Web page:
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Behind the Scenes with Our Upcoming Course on Mind Mapping

A while back we posted a survey about capturing, developing, and organizing ideas using mind mapping.

Since then we’ve been hard at work on a new course designed to help you capture inspiration when it strikes, and also to help you create a system for developing those ideas so you can be more creative and productive.

Here is a sneak peak of our mind map for the mind mapping course:

Mind mapping course outline (teaser)

If you want to be notified when it’s ready and take advantage of the launch week pricing, drop your info below. We’ve also got a few other bonuses we’ll be sharing ahead of launch.

Why a course on mind mapping?

Mind mapping is a great tool for helping you more fully develop your ideas. As someone who creates for a living, I find it an invaluable part of my writing workflow. I find it extremely helpful to start developing an idea I want to write about as a mind map. When I do this first, I find the article almost writes itself. Any post I write of substantial length probably started off as a mind map.

Mind maps are useful in many scenarios, not just when writing. There are lots of other ways to use mind maps, including:

  • Meeting notes
  • Problem solving
  • Taking notes from books that you read
  • Memorization
  • Event planning
  • Presentations
  • Project management
  • and much, much more!

The common thread is that all of these start with an idea. Where many of us struggle is in weeding out the bad ideas and developing the good. And that’s where mind mapping can really help – in developing your ideas to their full potential.

We knew this topic of idea management was something our audience cared about (our pick of MindNode as the best mind mapping app has always been one of our more popular posts). But it wasn’t until we sent the survey that we started to see the real challenges our readers were facing when it came to mind mapping their ideas. We received hundreds of responses (thank you if you were one of them!) and our team read through them ALL. Here’s a small sampling of the responses we received:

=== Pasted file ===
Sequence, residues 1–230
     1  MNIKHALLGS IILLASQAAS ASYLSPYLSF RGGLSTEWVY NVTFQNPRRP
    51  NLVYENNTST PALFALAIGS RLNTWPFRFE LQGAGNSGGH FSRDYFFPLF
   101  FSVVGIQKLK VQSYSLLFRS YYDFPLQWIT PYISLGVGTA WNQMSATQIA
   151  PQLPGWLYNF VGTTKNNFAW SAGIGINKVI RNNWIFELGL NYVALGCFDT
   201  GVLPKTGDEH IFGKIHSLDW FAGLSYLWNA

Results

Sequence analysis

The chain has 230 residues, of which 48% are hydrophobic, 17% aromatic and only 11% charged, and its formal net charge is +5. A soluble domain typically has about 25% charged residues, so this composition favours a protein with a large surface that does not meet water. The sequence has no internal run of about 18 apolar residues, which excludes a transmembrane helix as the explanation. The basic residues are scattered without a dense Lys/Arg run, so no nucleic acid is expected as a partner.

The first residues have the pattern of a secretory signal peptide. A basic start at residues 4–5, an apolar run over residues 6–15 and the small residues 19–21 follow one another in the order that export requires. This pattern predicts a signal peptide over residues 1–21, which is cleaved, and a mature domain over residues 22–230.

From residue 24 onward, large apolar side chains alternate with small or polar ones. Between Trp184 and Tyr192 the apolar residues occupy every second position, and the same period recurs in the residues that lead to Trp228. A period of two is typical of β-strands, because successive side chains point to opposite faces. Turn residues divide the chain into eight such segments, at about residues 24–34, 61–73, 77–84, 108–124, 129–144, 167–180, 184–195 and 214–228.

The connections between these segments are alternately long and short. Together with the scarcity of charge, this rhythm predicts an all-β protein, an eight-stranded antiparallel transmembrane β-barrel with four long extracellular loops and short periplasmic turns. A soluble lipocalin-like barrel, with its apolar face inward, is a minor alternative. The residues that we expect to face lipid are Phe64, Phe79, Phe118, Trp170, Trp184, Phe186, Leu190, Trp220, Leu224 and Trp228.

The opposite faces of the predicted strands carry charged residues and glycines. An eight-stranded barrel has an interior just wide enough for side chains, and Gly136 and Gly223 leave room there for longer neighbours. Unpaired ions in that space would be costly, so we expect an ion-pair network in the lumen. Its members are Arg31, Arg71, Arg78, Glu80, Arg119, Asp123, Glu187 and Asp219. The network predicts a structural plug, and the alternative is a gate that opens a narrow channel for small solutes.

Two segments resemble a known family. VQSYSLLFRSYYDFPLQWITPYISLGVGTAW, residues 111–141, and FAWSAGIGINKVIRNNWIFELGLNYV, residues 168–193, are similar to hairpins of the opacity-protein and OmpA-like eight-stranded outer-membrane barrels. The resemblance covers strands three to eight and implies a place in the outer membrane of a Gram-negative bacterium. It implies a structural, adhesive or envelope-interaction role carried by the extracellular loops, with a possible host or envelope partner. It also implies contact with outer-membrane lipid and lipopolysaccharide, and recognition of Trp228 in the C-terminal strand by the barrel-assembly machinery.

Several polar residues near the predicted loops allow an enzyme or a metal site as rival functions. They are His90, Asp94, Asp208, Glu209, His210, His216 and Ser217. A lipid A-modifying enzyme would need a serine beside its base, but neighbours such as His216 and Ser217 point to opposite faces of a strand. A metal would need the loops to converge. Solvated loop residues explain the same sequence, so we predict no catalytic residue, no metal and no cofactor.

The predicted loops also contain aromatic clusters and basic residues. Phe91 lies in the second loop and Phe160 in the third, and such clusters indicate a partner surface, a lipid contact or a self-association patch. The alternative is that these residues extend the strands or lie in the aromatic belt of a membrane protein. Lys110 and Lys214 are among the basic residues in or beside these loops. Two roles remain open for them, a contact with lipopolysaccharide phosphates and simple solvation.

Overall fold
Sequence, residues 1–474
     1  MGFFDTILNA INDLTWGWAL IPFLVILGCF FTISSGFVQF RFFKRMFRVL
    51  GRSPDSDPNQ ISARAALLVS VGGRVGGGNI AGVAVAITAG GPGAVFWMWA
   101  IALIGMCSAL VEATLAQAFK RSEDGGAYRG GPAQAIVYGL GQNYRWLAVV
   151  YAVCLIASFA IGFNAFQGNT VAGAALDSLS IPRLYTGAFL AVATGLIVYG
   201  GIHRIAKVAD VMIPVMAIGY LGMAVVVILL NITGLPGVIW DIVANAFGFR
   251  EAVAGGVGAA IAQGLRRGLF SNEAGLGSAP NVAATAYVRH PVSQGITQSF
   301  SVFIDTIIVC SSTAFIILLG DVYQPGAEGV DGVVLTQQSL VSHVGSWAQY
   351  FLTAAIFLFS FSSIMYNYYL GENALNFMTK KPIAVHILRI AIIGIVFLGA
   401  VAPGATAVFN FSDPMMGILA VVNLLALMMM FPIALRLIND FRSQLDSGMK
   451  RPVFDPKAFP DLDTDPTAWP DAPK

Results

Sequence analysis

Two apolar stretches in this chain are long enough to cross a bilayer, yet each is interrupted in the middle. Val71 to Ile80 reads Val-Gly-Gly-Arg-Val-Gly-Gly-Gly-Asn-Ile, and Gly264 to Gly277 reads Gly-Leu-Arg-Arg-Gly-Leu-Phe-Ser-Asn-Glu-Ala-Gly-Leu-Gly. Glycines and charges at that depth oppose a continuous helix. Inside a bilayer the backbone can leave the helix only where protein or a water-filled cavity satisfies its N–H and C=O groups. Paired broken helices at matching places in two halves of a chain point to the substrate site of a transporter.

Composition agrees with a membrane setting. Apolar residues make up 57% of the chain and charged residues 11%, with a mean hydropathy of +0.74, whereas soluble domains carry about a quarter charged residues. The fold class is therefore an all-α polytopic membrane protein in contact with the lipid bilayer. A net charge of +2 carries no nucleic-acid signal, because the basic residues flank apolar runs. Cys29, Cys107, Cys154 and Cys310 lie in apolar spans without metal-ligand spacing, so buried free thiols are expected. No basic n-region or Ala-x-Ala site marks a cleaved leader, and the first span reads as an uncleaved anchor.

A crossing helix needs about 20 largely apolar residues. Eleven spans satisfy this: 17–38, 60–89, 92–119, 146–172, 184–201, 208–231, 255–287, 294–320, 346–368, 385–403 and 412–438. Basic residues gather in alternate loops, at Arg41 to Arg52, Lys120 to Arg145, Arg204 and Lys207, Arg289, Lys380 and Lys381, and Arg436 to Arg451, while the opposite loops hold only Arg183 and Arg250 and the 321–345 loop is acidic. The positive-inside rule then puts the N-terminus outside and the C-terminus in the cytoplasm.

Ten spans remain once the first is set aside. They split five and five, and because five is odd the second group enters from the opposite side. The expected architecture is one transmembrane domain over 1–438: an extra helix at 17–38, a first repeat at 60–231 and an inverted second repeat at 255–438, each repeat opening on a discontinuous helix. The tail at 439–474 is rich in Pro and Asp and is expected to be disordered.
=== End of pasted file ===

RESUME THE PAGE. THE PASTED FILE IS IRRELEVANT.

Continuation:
“Ideas flow faster than I can capture them.”

“Nothing more frustrating than having a great thought and losing it.”

“Brainstorming isn’t hard, ideas come from everywhere. It’s the organizing and keeping everything straight during an iterative process.”

“My biggest challenge is to get my thoughts organized.”

“Processing the ideas and shaping the raw material into something more usable and actionable is hard.”

These responses gave us something multiple choice questions never could – a glimpse of what was actually causing people frustration in their mind mapping process. From combing through all the feedback, we noticed there were a couple of themes that kept popping up:

  • Getting started (finding the time to think creatively)
  • Capturing ideas so they didn’t fall through the cracks
  • Developing ideas after they were captured
  • Keeping ideas organized (being able to locate information later)

Sorting through the responses and putting them into categories helped us more fully understand what was causing friction in the mind mapping process for people.

Survey Results